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Intermediary Metabolism in Protists: a Sequence-based View of Facultative Anaerobic Metabolism in Evolutionarily Diverse Eukaryotes

Ginger, Michael L., Fritz-Laylin, Lillian K., Fulton, Chandler, Cande, W. Zacheus and Dawson, Scott C. (2010) Intermediary Metabolism in Protists: a Sequence-based View of Facultative Anaerobic Metabolism in Evolutionarily Diverse Eukaryotes. Protist, 161 (5). pp. 642-671. ISSN 1434-4610

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Abstract

Protists account for the bulk of eukaryotic diversity. Through studies of gene and especially genome sequences the molecular basis for this diversity can be determined. Evident from genome sequencing are examples of versatile metabolism that go far beyond the canonical pathways described for eukaryotes in textbooks. In the last 2-3 years, genome sequencing and transcript profiling has unveiled several examples of heterotrophic and phototrophic protists that are unexpectedly well-equipped for ATP production using a facultative anaerobic metabolism, including some protists that can (Chlamydomonas reinhardtii) or are predicted (Naegleria gruberi, Acanthamoeba castellanii, Amoebidium parasiticum) to produce H2 in their metabolism. It is possible that some enzymes of anaerobic metabolism were acquired and distributed among eukaryotes by lateral transfer, but it is also likely that the common ancestor of eukaryotes already had far more metabolic versatility than was widely thought a few years ago. The discussion of core energy metabolism in unicellular eukaryotes is the subject of this review. Since genomic sequencing has so far only touched the surface of protist diversity, it is anticipated that sequences of additional protists may reveal an even wider range of metabolic capabilities, while simultaneously enriching our understanding of the early evolution of eukaryotes.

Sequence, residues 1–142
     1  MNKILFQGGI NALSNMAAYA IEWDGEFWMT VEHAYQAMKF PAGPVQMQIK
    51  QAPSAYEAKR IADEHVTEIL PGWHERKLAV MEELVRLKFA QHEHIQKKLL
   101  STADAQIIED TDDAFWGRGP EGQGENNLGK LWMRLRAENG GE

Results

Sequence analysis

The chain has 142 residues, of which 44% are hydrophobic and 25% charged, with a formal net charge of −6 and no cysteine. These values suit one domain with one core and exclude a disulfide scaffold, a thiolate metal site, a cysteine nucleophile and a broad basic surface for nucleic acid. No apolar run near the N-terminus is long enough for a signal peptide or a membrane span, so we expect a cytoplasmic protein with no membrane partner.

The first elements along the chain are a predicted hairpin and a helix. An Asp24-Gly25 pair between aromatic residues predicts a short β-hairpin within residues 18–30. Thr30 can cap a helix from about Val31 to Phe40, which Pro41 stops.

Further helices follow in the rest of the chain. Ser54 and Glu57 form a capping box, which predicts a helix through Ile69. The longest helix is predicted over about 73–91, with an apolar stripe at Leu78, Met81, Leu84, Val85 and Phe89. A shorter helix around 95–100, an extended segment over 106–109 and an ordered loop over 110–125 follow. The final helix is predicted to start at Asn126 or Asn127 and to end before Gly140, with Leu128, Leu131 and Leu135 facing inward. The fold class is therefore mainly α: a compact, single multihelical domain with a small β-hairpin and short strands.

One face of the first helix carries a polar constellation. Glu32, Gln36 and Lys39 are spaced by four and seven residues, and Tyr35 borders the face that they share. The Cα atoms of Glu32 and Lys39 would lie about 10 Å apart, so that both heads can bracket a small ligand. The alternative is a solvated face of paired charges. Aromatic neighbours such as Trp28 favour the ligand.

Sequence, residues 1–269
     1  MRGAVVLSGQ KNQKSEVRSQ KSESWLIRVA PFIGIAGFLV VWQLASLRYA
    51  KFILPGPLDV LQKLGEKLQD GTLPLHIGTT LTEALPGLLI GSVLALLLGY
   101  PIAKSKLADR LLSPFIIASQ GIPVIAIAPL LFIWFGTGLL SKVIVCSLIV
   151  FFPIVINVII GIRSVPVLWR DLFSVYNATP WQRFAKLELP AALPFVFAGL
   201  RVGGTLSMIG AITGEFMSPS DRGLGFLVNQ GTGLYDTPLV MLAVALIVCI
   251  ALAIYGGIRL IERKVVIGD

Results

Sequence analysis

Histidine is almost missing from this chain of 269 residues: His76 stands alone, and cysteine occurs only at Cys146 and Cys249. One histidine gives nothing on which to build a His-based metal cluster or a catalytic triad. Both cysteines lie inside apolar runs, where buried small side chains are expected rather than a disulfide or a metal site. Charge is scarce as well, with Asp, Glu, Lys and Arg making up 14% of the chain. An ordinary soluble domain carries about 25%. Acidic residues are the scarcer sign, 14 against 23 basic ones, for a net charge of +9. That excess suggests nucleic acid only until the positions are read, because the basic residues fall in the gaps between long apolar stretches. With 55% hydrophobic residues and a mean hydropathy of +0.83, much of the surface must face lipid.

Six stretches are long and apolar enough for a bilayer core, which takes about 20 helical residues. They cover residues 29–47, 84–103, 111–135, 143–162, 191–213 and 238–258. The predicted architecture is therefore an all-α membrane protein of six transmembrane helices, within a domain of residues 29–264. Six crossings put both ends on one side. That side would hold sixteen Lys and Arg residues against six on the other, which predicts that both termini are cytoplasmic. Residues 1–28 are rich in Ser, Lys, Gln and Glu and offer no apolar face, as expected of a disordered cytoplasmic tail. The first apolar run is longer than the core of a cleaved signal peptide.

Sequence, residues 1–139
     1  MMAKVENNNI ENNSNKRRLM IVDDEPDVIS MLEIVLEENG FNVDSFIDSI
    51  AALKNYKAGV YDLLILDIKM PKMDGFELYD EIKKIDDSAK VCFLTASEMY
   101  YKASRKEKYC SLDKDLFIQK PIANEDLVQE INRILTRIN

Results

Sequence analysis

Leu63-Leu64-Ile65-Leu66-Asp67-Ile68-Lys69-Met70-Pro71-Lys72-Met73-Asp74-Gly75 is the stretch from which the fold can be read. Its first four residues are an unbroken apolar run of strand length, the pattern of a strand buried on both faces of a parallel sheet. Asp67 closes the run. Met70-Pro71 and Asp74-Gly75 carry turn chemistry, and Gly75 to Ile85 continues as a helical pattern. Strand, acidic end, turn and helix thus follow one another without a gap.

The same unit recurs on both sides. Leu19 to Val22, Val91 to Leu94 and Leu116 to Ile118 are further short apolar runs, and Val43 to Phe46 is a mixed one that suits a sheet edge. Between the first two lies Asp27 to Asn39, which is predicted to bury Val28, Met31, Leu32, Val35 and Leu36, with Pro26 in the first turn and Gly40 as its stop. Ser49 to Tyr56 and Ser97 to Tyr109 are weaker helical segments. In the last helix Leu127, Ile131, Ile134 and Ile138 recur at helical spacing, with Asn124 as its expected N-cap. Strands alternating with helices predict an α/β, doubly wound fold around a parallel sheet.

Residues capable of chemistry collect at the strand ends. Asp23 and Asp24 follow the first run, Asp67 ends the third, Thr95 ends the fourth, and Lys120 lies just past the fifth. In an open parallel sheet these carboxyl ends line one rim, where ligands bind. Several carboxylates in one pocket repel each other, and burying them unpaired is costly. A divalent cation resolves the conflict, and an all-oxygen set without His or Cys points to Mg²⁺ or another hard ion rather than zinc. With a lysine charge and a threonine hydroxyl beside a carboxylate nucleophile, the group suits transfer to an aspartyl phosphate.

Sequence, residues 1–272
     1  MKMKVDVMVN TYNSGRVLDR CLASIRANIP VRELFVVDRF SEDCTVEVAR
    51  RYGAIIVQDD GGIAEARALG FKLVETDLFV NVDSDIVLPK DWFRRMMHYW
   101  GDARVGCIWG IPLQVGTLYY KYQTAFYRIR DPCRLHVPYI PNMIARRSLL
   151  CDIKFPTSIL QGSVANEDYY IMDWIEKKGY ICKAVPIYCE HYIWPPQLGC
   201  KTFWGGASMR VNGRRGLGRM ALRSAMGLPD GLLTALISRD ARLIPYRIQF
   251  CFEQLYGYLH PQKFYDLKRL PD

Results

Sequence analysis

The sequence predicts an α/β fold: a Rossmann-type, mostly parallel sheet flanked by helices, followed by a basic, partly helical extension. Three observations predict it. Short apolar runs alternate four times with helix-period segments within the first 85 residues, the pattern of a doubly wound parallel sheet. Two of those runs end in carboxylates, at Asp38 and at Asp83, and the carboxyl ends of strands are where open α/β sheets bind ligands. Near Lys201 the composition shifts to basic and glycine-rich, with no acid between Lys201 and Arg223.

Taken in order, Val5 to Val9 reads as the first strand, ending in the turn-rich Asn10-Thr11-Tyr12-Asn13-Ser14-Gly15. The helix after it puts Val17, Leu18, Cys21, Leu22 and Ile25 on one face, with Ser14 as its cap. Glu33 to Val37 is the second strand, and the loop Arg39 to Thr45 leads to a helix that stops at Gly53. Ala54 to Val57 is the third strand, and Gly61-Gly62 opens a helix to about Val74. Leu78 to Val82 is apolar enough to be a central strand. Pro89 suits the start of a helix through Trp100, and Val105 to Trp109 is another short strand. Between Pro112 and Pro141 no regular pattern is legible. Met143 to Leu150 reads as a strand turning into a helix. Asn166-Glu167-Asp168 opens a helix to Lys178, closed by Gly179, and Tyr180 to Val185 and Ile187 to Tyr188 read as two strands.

Item Type: Article
Subjects: Q Science > QH Natural history > QH301 Biology
Schools: School of Applied Sciences
Related URLs:
Depositing User: Michael Ginger
Date Deposited: 10 May 2016 07:25
Last Modified: 10 May 2016 07:25
URI: http://eprints.hud.ac.uk/id/eprint/28253

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